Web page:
A flash flood killed a thousand people in the Death Valley National Park

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Record-breaking rainfall on Friday triggered flash floods in Death Valley National Park that washed away cars, closed all roads and stranded hundreds of visitors and workers. The video above shows how floodwaters pile up on top of a car. There were no immediate reports of injuries, but about 60 cars were buried in mud and debris, and about 500 visitors and 500 park workers were stuck in the park, officials said. In the park near the California-Nevada border, 1.46 inches of rain fell in the Furnace Creek area. This is about 75% of the area’s normal rainfall for the year and more than has ever been recorded for the entire month of August. Since 1936, the only day with more rain was April 15, 1988, when 1.47 inches fell, park officials said. “Entire trees and boulders were washed away,” said John Sirlin, a photographer for an Arizona adventure company who witnessed the flooding while perched on a boulder on a hillside trying to photograph lightning as the storm approached. “The noise from some of the rocks coming down the mountain was just unbelievable,” he said in a phone interview Friday afternoon. Park officials did not immediately respond to requests for an update Friday night. The storm followed another major flood earlier this week in the park, 120 miles northeast of Las Vegas. Some roads were closed Monday after being flooded with mud and debris from flash floods that also hit western Nevada and northern Arizona. According to Sirlin, who lives in Chandler, Arizona, the rain started around 2 a.m. Friday. since 2016. “It was more extreme than anything I’ve seen out there,” said Sirlin, lead guide for Incredible Weather Adventures, who began chasing storms in Minnesota and the high plains in the 1990s. deep There are probably 3-4 feet of rocks covering the road, he said. Sirlin said it took him about 6 hours to drive about 35 miles from the park near the Death Valley Inn. crashed and got stuck there,” he said, adding that he saw no injuries or rescuers in the high water.” During Friday’s downpours, “floods pushed garbage cans into parked cars, causing the cars to collide with each other. another. In addition, many facilities were flooded, including hotel rooms and business offices,” the park said in a statement. The water system that supplies the park’s residents and offices also failed after a line broke while it was being repaired, the statement said. park and surrounding area ended at 12:45 a.m. Friday, but a flash flood advisory remained in effect into the evening, the National Weather Service said.

Record rainfall Friday caused flash floods in Death Valley National Park that swept away cars, closed all roads and stranded hundreds of visitors and workers.

The video above shows floodwaters pouring over a car

There were no immediate reports of injuries, but about 60 vehicles were buried in mud and debris, and about 500 visitors and 500 park workers were trapped in the park, officials said.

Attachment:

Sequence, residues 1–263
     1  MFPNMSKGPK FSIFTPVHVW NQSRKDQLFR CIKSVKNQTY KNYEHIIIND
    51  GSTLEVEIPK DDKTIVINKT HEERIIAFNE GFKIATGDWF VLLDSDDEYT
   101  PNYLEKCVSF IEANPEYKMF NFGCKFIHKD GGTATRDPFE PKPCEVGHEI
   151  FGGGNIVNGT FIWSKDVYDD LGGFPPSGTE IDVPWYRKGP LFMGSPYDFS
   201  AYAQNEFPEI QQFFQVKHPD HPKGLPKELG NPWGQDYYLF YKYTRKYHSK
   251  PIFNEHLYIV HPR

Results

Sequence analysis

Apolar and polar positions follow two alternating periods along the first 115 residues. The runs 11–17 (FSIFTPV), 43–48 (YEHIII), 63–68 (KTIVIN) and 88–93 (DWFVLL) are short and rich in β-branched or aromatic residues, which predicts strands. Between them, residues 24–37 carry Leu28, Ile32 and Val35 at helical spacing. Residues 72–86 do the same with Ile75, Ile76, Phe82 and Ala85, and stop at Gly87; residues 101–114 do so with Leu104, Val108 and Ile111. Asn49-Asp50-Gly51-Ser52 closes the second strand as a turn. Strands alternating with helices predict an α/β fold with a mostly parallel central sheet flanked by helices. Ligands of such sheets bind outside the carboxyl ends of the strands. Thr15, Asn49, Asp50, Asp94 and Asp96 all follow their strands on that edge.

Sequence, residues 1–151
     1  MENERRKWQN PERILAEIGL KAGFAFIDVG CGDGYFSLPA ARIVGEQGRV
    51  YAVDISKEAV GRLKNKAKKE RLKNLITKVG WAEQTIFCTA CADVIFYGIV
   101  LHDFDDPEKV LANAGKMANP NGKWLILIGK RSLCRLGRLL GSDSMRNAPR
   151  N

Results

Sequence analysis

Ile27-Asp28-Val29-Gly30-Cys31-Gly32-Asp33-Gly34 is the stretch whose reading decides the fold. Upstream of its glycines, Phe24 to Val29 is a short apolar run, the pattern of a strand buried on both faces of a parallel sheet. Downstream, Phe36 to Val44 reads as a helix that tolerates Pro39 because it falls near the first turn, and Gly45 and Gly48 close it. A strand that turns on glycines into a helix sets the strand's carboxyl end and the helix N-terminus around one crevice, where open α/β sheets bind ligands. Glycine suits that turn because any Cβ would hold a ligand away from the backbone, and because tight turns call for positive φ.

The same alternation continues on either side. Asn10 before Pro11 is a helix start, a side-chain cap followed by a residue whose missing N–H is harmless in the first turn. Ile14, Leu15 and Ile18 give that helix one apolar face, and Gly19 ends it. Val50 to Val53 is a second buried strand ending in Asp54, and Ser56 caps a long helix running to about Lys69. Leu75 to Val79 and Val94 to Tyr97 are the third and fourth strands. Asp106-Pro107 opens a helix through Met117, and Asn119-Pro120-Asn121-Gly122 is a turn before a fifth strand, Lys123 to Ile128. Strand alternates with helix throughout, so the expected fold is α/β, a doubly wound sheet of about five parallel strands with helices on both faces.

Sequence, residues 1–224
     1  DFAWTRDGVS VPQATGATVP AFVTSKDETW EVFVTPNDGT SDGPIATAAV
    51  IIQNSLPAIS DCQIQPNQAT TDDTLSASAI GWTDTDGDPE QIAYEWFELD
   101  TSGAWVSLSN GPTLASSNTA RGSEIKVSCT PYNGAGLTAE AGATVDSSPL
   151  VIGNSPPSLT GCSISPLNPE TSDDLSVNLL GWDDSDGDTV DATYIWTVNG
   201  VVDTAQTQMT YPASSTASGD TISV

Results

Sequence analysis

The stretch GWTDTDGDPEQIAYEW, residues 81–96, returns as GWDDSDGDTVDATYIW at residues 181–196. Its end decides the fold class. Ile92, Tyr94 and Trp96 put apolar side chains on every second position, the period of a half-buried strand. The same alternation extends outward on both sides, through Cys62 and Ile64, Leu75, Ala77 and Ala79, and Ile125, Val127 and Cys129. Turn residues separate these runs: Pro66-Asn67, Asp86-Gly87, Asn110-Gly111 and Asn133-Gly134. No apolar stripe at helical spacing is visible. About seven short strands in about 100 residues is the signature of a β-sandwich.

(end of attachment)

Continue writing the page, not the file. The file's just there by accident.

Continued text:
In the park near the California-Nevada border, 1.46 inches of rain fell in the Fern Creek area. That’s about 75% of what the area usually gets in a year, and more than it’s ever seen in the entire month of August.

Since 1936, the only day with more precipitation was April 15, 1988, when 1.47 inches fell, park officials said.

“Entire trees and boulders were being washed away,” said John Sirlin, a photographer for an Arizona adventure company who witnessed the flooding as he sat on a boulder on a hillside trying to photograph lightning as the storm approached.

“The noise from some of the rocks coming down the mountain was just incredible,” he said in a phone interview Friday afternoon.

Park officials did not immediately respond to requests for an update Friday night.

National Park Service via AP

In this photo provided by the National Park Service, vehicles are stuck in mud and debris from flash flooding at the Death Valley Inn in Death Valley National Park, California, Friday, Aug. 5, 2022.

The storm followed another major flood earlier this week in the park, 120 miles northeast of Las Vegas. Some roads were closed Monday after they were inundated with mud and debris from flash flooding that also hit western Nevada and northern Arizona.

According to Sirlin, who lives in Chandler, Arizona, the rain started around 2 a.m. Friday and has been visiting the park since 2016.

“It was more extreme than anything I’ve seen out there,” said Sirlin, lead guide for Incredible Weather Adventures, who began chasing storms in Minnesota and the high plains in the 1990s.

“Many of the washes ran several feet deep. There are rocks, probably 3-4 feet, covering the road,” he said.

Serlin said it took him about 6 hours to drive about 35 miles from the park near the Death Valley Inn.

“There were at least two dozen cars that were wrecked and stuck,” he said, adding that he did not see anyone injured “and rescuers in high water.”

During Friday’s downpours, “floods pushed trash cans into parked cars, causing cars to collide with each other. Additionally, many properties were flooded, including hotel rooms and offices,” the park said in a statement.

The water system that supplies it to the park’s residents and offices also failed after a line ruptured while it was being repaired, the statement said.

A flash flood warning for the park and surrounding area expired at 12:45 a.m. Friday, but the flash flood warning remained in effect into the evening, the National Weather Service said.

A flash flood killed a thousand people in the Death Valley National Park

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